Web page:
Have you recently had a new furnace installed and are now experiencing a weird smell? You're not alone, because a lot of other homeowners also experience this at first. Let’s review what’s causing this smell, and when you can expect it to go away, as well as three other furnace smells you shouldn’t ignore.
Why Your New Furnace Smells
There are two reasons why a new furnace might smell.
Your furnace has a special finish on certain parts to keep them from rusting. This may include the heat exchanger, which safely exhausts gases like carbon monoxide naturally produced during the heating process.
When your furnace operates for the first couple of times, the coating may emit a burning smell. This is normal and the smell should dissipate the more your furnace runs.
To be on the safe side, you’ll want to contact a heating and cooling company if the smell persists. A burning smell that sticks around can mean the motor has overheated or there’s an electrical problem, among other issues.
Dust collects inside your furnace when it’s not running in the spring and summer. That dust will burn off when you switch on your furnace in the fall, creating a burning smell. This smell should disappear within a few minutes.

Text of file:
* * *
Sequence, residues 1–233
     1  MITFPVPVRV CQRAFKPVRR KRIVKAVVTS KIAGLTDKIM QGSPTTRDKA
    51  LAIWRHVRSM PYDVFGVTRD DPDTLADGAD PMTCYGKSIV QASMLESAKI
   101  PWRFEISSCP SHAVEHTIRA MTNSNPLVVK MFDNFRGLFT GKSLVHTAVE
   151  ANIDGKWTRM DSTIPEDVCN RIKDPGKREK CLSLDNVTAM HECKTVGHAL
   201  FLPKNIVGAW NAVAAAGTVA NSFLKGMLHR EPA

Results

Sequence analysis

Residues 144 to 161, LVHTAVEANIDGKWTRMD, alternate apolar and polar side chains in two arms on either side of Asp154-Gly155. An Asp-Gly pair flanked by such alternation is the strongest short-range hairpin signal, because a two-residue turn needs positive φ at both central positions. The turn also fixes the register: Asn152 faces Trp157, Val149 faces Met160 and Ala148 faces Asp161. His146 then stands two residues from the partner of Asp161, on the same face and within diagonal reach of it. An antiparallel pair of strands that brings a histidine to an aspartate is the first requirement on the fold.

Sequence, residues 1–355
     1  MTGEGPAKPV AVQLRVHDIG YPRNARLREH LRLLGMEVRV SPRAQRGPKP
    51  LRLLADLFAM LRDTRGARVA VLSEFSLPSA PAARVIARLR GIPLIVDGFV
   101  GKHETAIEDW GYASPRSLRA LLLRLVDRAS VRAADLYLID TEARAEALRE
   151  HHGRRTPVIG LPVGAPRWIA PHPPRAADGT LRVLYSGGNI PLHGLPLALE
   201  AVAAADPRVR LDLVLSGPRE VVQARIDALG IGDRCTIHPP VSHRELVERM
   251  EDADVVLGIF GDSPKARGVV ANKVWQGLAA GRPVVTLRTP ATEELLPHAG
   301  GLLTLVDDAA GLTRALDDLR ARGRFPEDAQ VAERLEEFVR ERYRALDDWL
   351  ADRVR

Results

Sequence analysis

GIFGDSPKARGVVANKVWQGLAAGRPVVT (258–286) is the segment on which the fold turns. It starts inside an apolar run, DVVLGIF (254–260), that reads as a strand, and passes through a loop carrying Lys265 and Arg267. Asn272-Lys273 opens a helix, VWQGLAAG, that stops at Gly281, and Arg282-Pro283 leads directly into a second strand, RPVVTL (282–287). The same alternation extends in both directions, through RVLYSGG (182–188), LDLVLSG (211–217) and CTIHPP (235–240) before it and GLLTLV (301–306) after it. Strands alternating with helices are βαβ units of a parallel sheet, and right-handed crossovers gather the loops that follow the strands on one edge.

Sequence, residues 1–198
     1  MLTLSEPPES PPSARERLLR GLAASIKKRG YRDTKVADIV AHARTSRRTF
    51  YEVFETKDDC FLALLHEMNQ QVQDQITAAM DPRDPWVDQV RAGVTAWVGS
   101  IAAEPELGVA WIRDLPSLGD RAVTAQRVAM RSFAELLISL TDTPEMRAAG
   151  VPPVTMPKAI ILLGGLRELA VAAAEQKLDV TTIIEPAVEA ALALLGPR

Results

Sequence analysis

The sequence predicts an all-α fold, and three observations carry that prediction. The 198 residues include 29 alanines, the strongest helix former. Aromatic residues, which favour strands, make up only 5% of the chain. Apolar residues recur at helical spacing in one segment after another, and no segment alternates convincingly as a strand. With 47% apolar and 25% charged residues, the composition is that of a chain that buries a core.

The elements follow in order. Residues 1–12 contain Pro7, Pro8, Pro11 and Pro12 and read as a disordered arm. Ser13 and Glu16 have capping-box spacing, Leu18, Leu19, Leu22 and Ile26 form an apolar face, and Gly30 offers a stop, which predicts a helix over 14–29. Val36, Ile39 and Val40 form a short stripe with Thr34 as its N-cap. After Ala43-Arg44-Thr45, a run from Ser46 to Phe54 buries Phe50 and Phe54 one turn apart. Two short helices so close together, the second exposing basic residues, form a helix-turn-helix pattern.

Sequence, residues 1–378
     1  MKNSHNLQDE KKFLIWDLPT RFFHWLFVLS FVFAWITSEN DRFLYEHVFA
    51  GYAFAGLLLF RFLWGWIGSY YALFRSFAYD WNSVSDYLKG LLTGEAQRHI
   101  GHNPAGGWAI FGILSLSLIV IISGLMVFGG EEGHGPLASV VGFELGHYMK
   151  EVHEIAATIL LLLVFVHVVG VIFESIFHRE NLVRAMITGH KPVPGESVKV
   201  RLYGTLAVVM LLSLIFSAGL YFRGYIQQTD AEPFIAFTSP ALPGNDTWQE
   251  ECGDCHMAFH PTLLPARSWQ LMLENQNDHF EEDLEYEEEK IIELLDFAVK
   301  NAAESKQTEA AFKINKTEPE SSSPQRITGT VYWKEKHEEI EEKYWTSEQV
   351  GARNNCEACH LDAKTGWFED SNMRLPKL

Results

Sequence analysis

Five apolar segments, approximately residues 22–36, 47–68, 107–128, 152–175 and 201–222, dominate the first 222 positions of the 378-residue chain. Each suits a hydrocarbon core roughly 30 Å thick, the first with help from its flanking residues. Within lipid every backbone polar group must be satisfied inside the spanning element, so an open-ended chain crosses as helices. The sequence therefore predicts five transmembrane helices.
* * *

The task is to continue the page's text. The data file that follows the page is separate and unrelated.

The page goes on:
One way you can lessen or prevent this smell is by having furnace maintenance done each year. This is necessary to keep your valuable manufacturer’s warranty valid, plus it keeps your furnace clean and ensures it will run smoothly during the upcoming heating season.
3 Other Furnace Smells You Shouldn’t Ignore
While it’s less common for a new system to need furnace repair, it can happen. Here are three other odors you should watch for and what they might mean.
- Burning plastic or rubber. If your furnace smells like burning plastic, you might have an electrical problem. Electrical wiring is covered in plastic to protect against shocks, and this smell is an indication that heat is melting this protective coating. To prevent a fire, turn off your furnace right away and have it checked out by an HVAC technician.
- Gas or rotten eggs. Gas companies include sulfur in natural gas to alert you when there’s a leak. If your furnace smells like gas or rotten eggs, shut it off immediately, leave your home and call 911. Exposure to natural gas can make you ill, plus it’s extremely flammable and explosive.
- Musty. If your furnace smells musty, you might have mold and mildew growing in your ductwork. We recommend having your ductwork checked and cleaned if necessary.
Now that you know which furnace smells are normal and which ones aren’t, you’re well-equipped to take care of your new heating system. If you have concerns about a strange odor, our Morgner Inc. Air Conditioning & Heating HVAC technicians can help. Give us a call at 314-262-4541 to schedule your appointment now. We provide quality, affordable furnace repair in St. Louis and surrounding communities.